There Are Now More Solar Jobs In America Than Oil Extraction Jobs

Unfortunately, oil still pays better.
The Huffington Post

Solar is the energy employer of the future -- or at least that's how the numbers look today.

A new report on the state of the solar industry out Tuesday from the nonprofit Solar Foundation shows that there were almost 209,000 people who worked in the solar industry as of November 2015. Of those jobs, 90 percent only work on solar-related projects, according to the report.

For comparison, there were only about 185,000 people working in oil and gas extraction in the United States in December 2015, according to the Bureau of Labor Statistics -- although when you add petroleum refining to the mix that total jumps by about 100,000 jobs. The full supersector of the economy, which the BLS calls natural resources and mining, employs about 785,000 people.

The oil industry has had a rough 18 months, as the price of oil slid from more than $100 a barrel in the spring of 2014 to just over $30 a barrel in recent weeks. The low price has caused layoffs in what had been a robust and growing shale oil extraction business.

The solar industry, meanwhile, continues to grow as the technology becomes cheaper, making it a better deal for the average household. The Solar Foundation's report also shows how the price of installed solar panels continue to drop:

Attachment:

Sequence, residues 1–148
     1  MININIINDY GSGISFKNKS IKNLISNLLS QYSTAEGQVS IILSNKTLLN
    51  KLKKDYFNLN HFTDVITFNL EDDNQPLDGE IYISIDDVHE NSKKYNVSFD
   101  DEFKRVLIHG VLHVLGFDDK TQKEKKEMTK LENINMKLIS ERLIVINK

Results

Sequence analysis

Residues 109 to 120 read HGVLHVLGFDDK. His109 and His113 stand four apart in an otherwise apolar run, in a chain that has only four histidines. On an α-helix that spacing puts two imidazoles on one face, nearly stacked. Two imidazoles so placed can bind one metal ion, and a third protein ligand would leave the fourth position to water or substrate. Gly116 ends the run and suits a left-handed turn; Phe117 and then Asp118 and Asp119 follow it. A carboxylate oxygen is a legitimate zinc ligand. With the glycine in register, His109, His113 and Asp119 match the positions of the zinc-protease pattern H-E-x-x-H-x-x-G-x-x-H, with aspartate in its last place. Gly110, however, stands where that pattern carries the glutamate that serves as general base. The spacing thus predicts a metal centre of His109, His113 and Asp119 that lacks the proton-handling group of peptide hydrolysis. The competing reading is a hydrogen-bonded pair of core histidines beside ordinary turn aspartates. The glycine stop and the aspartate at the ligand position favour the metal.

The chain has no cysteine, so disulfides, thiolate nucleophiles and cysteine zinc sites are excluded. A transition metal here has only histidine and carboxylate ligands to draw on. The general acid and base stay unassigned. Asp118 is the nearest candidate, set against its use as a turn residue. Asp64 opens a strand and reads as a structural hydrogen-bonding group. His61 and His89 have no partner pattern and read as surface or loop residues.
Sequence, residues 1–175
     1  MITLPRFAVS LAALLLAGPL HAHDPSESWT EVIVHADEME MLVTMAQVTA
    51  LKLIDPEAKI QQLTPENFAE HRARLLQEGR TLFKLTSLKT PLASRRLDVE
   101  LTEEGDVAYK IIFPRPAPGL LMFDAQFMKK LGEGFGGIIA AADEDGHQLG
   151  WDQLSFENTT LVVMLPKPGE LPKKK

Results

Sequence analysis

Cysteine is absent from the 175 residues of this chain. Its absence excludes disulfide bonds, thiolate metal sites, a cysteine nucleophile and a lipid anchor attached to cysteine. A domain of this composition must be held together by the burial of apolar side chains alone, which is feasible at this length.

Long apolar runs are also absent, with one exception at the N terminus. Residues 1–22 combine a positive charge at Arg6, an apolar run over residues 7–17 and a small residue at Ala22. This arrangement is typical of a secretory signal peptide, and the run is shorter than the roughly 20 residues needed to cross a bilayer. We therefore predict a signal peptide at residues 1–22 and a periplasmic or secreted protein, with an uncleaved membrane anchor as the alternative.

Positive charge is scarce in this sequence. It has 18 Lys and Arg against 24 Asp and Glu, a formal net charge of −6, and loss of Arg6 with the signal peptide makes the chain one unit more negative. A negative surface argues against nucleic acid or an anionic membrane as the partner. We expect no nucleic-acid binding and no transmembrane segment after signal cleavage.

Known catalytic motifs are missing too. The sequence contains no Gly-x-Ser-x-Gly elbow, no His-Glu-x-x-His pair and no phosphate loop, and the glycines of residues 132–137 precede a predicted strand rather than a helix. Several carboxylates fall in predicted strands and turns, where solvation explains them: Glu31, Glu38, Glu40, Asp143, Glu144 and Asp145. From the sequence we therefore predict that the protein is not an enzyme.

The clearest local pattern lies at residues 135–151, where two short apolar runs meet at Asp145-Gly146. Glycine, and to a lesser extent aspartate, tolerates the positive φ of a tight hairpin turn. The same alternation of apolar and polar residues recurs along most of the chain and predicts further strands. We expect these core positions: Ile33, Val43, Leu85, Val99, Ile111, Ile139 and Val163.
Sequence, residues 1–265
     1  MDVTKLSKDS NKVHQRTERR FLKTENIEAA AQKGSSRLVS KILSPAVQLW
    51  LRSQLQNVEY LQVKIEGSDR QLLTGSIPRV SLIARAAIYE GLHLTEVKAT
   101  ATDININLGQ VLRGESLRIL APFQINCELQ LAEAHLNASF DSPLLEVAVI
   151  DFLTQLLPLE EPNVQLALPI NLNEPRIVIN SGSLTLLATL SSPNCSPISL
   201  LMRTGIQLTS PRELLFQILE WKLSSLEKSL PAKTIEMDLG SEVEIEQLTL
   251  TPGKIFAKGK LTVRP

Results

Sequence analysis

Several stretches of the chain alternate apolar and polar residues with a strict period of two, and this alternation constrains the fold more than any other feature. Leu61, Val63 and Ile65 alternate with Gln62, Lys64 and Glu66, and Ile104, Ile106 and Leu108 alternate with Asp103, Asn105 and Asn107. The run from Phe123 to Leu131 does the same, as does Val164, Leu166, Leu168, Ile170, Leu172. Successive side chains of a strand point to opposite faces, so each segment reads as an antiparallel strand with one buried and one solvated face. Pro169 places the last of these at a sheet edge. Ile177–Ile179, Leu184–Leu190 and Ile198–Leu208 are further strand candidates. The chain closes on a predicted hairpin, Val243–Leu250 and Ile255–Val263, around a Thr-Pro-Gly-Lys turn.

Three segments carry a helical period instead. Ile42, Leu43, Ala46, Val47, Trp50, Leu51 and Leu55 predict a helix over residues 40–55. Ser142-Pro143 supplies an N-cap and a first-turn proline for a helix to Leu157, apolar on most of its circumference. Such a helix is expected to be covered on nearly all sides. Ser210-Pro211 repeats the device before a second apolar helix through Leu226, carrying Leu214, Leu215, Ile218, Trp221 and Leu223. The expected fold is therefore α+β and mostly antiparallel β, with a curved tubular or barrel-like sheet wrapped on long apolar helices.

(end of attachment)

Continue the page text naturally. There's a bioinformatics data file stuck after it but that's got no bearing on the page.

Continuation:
The Solar Foundation

The bulk of the solar jobs seem to be coming from the installation of solar panels, with some growth in development and sales. Manufacturing actually declined a bit. According to the report, that's probably because another Silicon Valley solar company, QBotix, shut down back in September.

Regardless of that blip in the industry, solar installation jobs are completely taking off:

The Solar Foundation

The one place where solar hasn't caught up to oil and gas extraction, it seems, is in the pay. According to the report, solar installers -- which account for a plurality of jobs in the industry -- get $21 per hour on average. The pay in sales and design is higher, at $28.85 and $26.92, respectively.

But oil and gas workers on average get $44 an hour, according to BLS.

There are reasons for those differences, though. For one thing, oil and gas extraction requires a lot of geoscientists and engineers, both of which are professions that pull in $65-75 per hour (that's comfortably in the six figures annually) and push up the average for the whole industry. Refinery operators make about $29 an hour, and roustabouts (day laborers on oil rigs, basically) make about $17 an hour.

Solar is unquestionably better for the environment than the oil industry. But in the short term, it's unclear whether it's better for the economy.

CORRECTION: The original version of this post did not specify that "oil and gas jobs" only included oil and gas extraction jobs in the United States. That does not include petroleum refining, or transportation of oil to and from refineries -- a subsector which, if included, adds about 100,000 jobs to the oil industry. We did this to simplify the comparison between the solar and the oil and gas industries, which are structured quite a bit differently. Ultimately, though, the omission was misleading.

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